There are several species of birds that return to our locality each autumn, generally arriving during the latter part of October and staying until the end of February or in some cases, the middle of March. I take particular notice of those that visit the garden and have come to look forward to their arrival and the enjoyment of adding some ‘fresh’ birds to add to my garden sightings list.
BLACK REDSTART– Phoenicurus ochruros
Each year, sometime during the latter part of October, a female Black Redstart arrives to take up residence locally. It used to happen that she would quickly settle back into a routine and to spend much of her day hunting within the garden, and seeing her on various perches, the handrail to the swimming pool steps, parts of the garden furniture and the pomegranate tree quickly became a familiar sight. A couple of years ago however, a Robin claimed the garden as part of his territory and within moments of the Black Redstart first appearance, he was chasing her away. She persisted in chancing visits most days and occasionally was able to stay for a while when the Robin was otherwise occupied, but he was very vigilant and equally persistent at seeing her off. The same process has been repeated every year since, including this year, so although I see her still in the garden it’s only briefly. It’s such a shame, as I love to see both birds, but that’s the nature of birdlife I suppose.
Although I see far more of the female, there is usually a male Black Redstart around too, but although close by they maintain separate territories and are not seen together. He appears occasionally in the garden area at the back of the house and perches variously on the lemon tree, on the handle of the wheelbarrow or up on the corner of the roof.
Black Redstarts have a characteristically upright posture and a rusty-red tail which is rapidly quivered at regular intervals. The male is dark grey in colour with a variably soot-black throat and breast and sometimes also mantle, with a white wing panel. Females are like a more sooty or dingily coloured female Redstart but always with a darker throat and belly. The birds breed in the mountains but spend the winter at lower altitudes, arriving during October and returning in mid-March. Whilst amongst us in the winter they are very common and seen in a wide variety of locations, around buildings, in gardens, in shrubby areas, close to and even on beaches. Once back in their mountain breeding grounds they are much harder to find.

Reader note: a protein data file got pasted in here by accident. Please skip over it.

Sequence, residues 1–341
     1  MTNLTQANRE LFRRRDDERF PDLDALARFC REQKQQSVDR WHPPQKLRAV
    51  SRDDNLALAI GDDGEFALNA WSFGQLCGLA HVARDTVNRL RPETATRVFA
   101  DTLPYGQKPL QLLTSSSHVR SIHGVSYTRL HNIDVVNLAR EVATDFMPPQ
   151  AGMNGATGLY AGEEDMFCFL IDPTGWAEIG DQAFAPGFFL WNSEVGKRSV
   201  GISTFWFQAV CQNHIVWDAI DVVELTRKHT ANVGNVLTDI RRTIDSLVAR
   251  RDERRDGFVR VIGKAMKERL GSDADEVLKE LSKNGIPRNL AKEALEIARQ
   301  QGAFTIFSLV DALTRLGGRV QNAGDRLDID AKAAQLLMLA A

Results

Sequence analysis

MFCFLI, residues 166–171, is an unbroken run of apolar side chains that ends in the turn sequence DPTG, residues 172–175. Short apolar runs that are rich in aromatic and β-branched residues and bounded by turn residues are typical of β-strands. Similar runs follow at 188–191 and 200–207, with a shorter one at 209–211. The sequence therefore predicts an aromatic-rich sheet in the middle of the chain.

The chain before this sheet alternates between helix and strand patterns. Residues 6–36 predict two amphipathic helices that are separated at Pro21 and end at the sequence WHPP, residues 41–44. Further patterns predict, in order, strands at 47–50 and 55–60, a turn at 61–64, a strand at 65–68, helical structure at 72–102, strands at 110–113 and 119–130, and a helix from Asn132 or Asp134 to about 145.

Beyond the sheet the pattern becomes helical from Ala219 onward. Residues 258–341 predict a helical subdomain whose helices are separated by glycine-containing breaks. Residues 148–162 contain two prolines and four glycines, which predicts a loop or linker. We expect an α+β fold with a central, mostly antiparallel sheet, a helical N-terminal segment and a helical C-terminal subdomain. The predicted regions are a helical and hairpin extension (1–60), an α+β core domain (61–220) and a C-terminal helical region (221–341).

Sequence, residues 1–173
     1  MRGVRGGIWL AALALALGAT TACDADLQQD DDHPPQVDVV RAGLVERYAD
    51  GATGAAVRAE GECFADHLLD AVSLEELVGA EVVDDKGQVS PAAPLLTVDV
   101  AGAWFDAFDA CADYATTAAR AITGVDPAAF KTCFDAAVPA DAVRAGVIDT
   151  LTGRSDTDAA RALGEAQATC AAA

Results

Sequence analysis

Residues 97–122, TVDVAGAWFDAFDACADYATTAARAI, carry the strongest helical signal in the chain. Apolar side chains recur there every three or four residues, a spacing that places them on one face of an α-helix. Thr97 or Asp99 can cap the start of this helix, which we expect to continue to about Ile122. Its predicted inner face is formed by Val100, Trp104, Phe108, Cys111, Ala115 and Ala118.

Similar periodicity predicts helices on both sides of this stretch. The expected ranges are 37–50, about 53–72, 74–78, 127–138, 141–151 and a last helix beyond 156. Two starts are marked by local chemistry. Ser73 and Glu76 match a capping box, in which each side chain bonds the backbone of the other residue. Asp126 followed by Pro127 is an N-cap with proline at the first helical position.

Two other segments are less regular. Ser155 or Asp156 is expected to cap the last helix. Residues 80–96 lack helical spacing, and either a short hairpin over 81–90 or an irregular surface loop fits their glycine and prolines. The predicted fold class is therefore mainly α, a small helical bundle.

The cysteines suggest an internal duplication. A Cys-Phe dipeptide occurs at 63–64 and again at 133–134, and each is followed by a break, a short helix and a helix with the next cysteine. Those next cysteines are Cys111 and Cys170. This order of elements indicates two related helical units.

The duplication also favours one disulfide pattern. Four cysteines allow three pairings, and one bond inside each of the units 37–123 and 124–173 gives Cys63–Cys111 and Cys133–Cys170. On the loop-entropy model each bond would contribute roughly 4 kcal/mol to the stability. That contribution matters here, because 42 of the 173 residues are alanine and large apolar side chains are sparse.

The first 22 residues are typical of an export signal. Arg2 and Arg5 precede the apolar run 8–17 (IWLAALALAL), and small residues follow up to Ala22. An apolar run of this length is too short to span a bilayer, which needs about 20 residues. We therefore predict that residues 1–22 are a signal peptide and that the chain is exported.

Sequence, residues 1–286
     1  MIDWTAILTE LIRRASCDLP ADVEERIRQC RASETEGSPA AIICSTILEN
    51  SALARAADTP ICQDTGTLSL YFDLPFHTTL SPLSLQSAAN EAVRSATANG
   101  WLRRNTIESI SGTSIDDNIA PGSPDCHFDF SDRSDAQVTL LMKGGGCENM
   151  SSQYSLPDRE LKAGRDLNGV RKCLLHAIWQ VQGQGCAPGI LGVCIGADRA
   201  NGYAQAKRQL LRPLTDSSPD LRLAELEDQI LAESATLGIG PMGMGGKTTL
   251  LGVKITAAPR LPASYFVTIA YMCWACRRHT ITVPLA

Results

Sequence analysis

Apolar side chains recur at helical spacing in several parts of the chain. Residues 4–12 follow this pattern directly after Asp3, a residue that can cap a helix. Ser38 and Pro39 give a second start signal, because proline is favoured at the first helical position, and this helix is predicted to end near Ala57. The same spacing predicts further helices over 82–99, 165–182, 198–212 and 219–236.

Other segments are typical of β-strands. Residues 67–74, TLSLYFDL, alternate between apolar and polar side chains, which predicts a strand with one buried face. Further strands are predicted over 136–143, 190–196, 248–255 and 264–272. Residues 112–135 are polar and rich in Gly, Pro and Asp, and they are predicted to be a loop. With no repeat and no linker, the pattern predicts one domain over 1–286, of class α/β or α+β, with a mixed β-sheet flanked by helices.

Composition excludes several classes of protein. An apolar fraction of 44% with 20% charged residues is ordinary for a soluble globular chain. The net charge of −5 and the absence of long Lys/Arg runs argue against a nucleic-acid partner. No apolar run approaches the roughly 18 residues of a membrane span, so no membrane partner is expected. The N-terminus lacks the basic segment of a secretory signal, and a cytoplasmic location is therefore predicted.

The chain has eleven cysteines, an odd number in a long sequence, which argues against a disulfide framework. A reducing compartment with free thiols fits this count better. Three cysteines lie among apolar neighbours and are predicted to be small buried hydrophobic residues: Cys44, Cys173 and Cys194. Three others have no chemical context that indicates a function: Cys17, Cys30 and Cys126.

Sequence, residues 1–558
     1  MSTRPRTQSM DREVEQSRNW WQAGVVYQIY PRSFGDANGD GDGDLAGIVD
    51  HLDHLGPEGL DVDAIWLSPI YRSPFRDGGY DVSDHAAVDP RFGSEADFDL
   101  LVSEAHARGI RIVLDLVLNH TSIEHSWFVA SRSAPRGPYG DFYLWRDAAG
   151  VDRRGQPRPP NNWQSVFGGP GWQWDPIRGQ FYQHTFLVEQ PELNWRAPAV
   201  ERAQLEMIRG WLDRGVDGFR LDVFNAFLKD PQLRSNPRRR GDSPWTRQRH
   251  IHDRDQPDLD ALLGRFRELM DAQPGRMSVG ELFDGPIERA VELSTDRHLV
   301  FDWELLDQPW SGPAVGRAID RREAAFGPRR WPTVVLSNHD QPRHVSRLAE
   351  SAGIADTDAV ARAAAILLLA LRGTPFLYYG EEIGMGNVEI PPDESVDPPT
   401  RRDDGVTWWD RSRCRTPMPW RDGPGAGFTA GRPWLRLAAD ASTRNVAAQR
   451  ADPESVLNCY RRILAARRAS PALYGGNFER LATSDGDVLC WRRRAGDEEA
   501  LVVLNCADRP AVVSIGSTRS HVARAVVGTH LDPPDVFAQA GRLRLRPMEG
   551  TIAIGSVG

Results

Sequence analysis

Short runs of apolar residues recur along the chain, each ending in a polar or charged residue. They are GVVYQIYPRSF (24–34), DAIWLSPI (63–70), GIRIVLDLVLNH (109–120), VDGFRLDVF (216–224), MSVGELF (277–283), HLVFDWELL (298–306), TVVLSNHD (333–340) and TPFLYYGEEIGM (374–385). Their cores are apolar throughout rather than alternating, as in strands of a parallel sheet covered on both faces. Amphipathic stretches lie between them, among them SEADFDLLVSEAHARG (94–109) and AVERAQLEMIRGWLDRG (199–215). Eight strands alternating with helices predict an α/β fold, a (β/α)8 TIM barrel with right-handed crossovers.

WHITE WAGTAIL – Motacilla alba
White Wagtails are probably the most abundant and frequently seen of the winter visitors throughout the general locality and in the garden.
In Europe there are two races of the Pied Wagtail, yarrelli in Britain and Ireland and alba in the rest of the continent, which is what we have here. Males have a black crown and nape that contrasts sharply with their grey mantle, and the female has a grey nape shading into a black crown (younger females may have a grey crown).
Pied Wagtails are smart looking and always delightful and entertaining to watch. They often announce their arrival in the garden with a melodious whistle, a pee-vit sound, then they may walk around the perimeter of the pool before strutting off across the grass, tails bobbing up and down, occasionally making an eccentric fluttery dash in pursuit of an insect.
GREY WAGTAIL– Motacilla cinerea
Grey Wagtails are resident here. They are tied to running water during the breeding season, but in the winter months they move from upland locations to areas lower down. They are lovely, elegant birds, and it is a joy to have them as visitors. Grey Wagtails are less frequent visitors to the garden than the Pied ones, but we have been lucky in that so far they have appeared here every year. They are much more wary than the Pied Wagtails and when startled take off with a loud alarm call. The Pied Wagtails will not tolerate the presence of a Grey either, if a Grey Wagtail is around when a Pied one arrives, it will see it off very quickly.
MEADOW PIPIT – Anthus pratensis
Meadow Pipits arrive here in huge numbers in the autumn and throughout the winter may be seen in a wide variety of habitats, often in flocks. Some usually visit the garden, either singly or sometimes two or three together. They peck around on the grass for varying lengths of time, maybe just for a few minutes, but sometimes for much longer, depending to some extent whether or not they are disturbed.
The length of the period over which I see them also varies from year to year. Sometimes it may be over the course of a few days, while in some years I have seen them in the garden every day over a period of weeks.